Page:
Cyber Threat Assessment 2020-2021 provides insight into the resilience of institutions
The Cyber Threat Assessment 2020-2021 shows that Dutch education and research institutions have invested extra in cyber security in the past year. The incident at Maastricht University at the end of 2019 and the covid-19 pandemic in 2020 were the main reasons for this. Nevertheless, institutions are still susceptible to many cyber threats.
The Cyber Threat Assessment shows, among other things, that education and research have become vulnerable due to dependence on a small number of large US cloud providers. That dependence is the result of online education and working from home because of the corona crisis.
The report also shows that institutions are paying increasing attention to knowledge security because of changing international relations. Institutions are particularly at risk of data falling into the wrong hands and being made public. There are strong indications that state actors are increasingly penetrating institutions.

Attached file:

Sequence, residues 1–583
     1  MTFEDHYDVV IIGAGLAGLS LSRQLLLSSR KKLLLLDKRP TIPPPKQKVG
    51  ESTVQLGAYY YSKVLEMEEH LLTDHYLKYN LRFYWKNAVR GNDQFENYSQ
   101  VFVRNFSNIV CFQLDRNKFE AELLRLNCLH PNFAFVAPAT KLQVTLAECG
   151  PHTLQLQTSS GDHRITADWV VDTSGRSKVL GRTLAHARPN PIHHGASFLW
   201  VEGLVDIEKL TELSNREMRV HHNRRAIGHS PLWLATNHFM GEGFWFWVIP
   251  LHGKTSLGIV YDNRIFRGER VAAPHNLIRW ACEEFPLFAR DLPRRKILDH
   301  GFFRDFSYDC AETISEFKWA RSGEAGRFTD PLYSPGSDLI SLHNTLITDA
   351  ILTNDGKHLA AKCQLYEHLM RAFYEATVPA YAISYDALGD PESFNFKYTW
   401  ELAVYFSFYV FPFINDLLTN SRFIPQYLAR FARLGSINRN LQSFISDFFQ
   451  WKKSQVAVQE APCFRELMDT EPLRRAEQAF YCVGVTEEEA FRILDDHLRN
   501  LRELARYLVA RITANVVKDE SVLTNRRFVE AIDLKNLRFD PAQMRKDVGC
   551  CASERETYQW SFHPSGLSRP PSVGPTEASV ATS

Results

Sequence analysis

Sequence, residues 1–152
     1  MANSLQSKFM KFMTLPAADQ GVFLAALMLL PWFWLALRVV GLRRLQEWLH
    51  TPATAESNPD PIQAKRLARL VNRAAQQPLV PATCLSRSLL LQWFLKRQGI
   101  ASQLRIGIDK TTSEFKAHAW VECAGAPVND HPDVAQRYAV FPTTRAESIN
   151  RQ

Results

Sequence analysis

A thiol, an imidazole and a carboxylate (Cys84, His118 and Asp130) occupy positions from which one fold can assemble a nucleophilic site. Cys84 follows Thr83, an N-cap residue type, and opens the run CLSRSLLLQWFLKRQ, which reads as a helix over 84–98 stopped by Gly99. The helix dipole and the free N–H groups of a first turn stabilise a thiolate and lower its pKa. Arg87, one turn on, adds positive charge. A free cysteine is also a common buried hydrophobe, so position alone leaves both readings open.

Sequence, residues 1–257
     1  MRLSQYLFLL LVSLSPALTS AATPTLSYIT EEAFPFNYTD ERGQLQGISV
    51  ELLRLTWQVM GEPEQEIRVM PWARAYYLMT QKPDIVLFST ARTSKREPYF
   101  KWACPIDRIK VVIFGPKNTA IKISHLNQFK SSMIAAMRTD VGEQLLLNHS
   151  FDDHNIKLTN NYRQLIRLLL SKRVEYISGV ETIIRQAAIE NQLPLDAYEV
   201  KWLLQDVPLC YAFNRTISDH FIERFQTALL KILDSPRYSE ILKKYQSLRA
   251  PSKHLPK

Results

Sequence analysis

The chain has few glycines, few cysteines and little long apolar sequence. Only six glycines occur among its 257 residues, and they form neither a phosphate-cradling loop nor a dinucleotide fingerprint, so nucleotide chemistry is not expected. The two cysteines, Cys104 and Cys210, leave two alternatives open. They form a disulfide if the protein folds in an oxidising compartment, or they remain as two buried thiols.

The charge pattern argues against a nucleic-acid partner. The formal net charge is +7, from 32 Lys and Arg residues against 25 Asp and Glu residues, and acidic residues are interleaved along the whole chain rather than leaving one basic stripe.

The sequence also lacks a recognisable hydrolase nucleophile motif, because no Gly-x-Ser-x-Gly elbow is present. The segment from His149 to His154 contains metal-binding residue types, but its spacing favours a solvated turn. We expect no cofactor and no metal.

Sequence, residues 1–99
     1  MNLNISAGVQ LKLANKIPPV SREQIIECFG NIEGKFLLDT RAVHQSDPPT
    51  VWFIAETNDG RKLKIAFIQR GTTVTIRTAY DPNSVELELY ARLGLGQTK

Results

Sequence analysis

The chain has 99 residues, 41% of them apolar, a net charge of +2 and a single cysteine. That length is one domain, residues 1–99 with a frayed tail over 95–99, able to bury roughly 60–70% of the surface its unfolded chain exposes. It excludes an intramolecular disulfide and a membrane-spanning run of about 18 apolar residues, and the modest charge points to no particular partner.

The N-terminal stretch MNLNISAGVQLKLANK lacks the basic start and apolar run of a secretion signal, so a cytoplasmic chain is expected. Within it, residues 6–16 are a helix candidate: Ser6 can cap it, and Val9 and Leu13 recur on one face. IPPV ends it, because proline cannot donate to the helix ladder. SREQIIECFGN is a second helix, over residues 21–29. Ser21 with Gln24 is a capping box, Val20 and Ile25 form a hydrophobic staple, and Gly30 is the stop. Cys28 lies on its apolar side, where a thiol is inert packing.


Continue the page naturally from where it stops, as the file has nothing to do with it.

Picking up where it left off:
More cooperation is and remains the message
Cooperation between institutions and between sectors remains of great importance if the knowledge and data of institutions are to be properly secured. This was also the message from Maastricht University during a symposium they organised on the ransomware attack that hit them at the end of 2019. From the outset, Maastricht University shared all its knowledge and experience, which benefited other institutions and thus the sector as a whole. Maastricht University won the SURF Security and Privacy Award 2021 for this.